• Apple Inc., Apple Podcasts, or iTunes Store logos
  • The terms Apple Inc., Apple Podcasts, Apple Music, iTunes Store, or iTunes
  • Visual representation of Apple hardware
  • References to illegal drugs, profanity, or violence

All media associated with your podcast must be independently hosted and linked under the appropriate tags in its RSS feed.

Creating Podcast Cover Art with Canva

Using Canva for this kind of content creation is easy. When you log in, you can select a size for a new image. Because of the Apple Podcasts requirement of 3000×3000, just go ahead and start with that. You can also start with another square image template like an Instagram Post to then have easier access to their templates, but just make sure to resize it to the podcast art requirements.

using canva

Once inside, you will see to the left a series of templates that you can scroll through. Additionally, you can search inside the templates for keywords. Even the search for just “podcast” brings up podcast art templates.

podcast cover art

 

Again, let us note that you should not use one of these templates and not adjust it at all. You want to make it yours and edit it to where it’s unrecognizable that you used a template. Or else you might be in the same spot as you would be with duplicate stock imagery. Keywords for whatever your subject is will also bring up lots of templates for that, too. These are great places to draw inspiration.

podcast art with canva

And with just a few adjustments, you can see the evolution of an RSVP template for Instagram into a unique piece of podcast art.

new podcast cover art

Note that we used the same rules that we mentioned above, too. The colors are often used within the “true crime” genre. It has a simple design that both indicates the subject at a glance. It doesn’t have too much going on, and it’s readable at smaller sizes. Plus, even though we used a stock design, we adjusted it to less recognizable by adding a splatter graphic to it.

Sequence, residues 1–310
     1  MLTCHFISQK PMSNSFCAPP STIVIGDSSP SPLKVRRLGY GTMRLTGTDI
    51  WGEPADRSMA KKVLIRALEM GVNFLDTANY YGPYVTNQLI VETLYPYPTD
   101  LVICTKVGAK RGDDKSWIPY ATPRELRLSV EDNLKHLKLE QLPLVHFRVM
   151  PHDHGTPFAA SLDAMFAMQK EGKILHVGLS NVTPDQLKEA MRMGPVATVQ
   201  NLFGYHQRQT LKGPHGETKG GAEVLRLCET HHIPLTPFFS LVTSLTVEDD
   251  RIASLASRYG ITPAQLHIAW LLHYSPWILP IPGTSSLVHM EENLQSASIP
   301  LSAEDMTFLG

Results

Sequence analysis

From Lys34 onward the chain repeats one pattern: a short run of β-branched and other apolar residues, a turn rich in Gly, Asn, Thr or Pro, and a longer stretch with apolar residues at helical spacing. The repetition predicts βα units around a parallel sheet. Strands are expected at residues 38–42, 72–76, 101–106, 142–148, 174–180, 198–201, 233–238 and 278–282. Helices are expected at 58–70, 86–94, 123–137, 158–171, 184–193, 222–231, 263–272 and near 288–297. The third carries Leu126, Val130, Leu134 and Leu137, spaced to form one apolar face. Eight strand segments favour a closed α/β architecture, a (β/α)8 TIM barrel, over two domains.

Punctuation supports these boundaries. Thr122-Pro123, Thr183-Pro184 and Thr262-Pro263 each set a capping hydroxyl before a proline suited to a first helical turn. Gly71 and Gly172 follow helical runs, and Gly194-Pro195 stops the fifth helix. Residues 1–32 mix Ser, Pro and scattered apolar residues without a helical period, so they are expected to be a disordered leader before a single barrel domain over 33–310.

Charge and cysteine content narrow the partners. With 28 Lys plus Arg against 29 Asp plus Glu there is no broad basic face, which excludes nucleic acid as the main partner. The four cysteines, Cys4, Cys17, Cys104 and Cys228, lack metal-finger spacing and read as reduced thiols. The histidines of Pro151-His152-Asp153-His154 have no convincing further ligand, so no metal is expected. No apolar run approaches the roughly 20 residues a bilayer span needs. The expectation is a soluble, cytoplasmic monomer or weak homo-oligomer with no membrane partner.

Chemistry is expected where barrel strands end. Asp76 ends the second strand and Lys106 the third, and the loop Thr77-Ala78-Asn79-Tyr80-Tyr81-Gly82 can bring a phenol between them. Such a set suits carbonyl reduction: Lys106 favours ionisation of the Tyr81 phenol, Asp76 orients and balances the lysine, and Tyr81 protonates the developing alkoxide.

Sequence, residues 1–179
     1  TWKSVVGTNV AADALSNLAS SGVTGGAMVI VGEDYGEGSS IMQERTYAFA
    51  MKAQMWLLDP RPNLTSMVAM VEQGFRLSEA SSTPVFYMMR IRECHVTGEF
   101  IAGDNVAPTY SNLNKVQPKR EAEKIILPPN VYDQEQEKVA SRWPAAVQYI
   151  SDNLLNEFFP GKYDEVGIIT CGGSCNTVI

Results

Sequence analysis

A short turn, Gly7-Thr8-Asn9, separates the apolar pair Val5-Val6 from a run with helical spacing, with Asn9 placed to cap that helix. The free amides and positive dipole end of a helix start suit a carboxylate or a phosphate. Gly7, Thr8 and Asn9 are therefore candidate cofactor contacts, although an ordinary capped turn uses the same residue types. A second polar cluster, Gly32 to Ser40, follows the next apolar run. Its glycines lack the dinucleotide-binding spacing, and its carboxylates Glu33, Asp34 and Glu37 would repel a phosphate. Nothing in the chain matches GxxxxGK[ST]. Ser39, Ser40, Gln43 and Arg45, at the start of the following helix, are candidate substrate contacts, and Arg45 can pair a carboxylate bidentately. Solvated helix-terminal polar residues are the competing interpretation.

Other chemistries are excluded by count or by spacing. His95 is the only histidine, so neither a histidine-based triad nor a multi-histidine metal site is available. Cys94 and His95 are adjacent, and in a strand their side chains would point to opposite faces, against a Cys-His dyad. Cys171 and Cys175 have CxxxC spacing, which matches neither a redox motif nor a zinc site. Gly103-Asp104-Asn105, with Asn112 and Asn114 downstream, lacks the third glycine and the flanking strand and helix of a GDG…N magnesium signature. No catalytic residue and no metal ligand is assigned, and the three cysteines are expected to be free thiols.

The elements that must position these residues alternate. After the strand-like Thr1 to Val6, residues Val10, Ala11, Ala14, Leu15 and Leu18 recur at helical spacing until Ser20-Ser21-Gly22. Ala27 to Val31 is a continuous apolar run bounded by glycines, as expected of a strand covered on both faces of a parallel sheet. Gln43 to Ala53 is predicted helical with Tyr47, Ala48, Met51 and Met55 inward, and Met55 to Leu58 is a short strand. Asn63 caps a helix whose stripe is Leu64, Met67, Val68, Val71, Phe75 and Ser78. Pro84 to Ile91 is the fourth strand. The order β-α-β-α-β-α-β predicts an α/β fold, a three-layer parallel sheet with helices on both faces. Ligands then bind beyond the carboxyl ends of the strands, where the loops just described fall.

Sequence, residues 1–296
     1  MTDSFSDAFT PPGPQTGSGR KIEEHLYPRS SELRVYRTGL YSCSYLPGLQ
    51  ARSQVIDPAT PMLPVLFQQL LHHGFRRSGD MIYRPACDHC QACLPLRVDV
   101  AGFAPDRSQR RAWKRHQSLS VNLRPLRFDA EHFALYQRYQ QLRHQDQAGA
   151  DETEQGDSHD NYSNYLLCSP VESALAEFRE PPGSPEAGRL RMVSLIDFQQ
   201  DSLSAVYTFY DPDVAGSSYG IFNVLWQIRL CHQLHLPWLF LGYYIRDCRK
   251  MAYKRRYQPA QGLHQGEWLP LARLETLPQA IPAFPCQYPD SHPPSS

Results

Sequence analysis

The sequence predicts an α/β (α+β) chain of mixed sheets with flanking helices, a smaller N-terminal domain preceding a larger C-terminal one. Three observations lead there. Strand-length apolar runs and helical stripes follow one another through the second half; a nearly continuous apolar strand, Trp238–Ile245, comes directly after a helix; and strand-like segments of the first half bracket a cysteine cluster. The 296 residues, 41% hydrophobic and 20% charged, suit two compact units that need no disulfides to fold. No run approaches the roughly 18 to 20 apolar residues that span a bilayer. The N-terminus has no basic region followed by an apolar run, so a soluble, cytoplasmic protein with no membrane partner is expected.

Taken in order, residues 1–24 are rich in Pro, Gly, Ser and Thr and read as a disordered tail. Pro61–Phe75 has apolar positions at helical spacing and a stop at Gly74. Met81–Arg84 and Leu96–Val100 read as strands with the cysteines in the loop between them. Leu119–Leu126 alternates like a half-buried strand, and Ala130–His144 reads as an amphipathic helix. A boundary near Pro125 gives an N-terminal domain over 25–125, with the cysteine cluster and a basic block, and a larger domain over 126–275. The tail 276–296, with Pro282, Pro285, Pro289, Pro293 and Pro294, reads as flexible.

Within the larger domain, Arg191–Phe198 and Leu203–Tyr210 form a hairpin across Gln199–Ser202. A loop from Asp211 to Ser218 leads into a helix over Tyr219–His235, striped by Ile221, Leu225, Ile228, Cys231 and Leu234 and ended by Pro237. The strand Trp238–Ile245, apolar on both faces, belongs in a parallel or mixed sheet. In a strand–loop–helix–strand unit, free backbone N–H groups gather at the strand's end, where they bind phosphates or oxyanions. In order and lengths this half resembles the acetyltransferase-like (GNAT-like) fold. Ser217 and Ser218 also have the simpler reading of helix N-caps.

You can do even more by adjusting fonts, uploading your own images, and even using the photo editing effects within the software. This was a very simple example of how you can create effective podcast cover art without breaking your budget (of both money or time!).

Just by doing those few things, we now have a piece of podcast cover art that fits the requirements so that we can upload it to our podcast host immediately.

Wrapping Up

No matter what genre of podcast you host, having eye-catching and engaging cover art can be a make-it-or-break-it element of your show. Hopefully, we’ve shown you that you don’t have to spend hundreds or thousands of dollars on original art with lots going on to be effective. You just need to know about your niche and what your listeners are looking for when they’re scrolling through all the different shows. You want to stand out from the crowd enough to be noticed, but fit in with them well enough that people still know you’re a part of the team.

What inspired your podcast cover art?

Article featured image by Dmytro Novitskyi / shutterstock.com

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5 Comments

  1. Thanks Keeton, Actually my friend recently started podcast. This would help him.

  2. What is wrong by using a flat ebook like cover?

  3. Do people really go to Apple store first to search for a podcast and not to Google first and search for a name or type or title?

    It should not be true because most Dutch and EU organisations, who take internet security serious, don’t allow Apple gears or products like software connected to their network and stronger, you face to be sacked if you continue to use an Apple product in your private.

    If you are a sales organisation and you send messages made on an Apple, your mail is not accepted, so I have the idea that this article is not mend for Europe.

    • They absolutely do. It’s a major search engine for podcast discovery, though with services like Spotify and now Google showing podcast episodes individually, it will diminish a little. But they still have a major lock on searches because of the Podcasts app being default on iOS devices, and people just click it and search. It’s not the best search, mind you, but it does tend to be keyword-centric and show up both episodes on the topic and overall shows.